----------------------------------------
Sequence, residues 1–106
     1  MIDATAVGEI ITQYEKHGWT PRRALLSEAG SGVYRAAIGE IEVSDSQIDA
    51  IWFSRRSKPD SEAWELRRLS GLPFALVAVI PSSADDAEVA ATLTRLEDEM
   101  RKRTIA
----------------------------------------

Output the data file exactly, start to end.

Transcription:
Sequence, residues 1–106
     1  MIDATAVGEI ITQYEKHGWT PRRALLSEAG SGVYRAAIGE IEVSDSQIDA
    51  IWFSRRSKPD SEAWELRRLS GLPFALVAVI PSSADDAEVA ATLTRLEDEM
   101  RKRTIA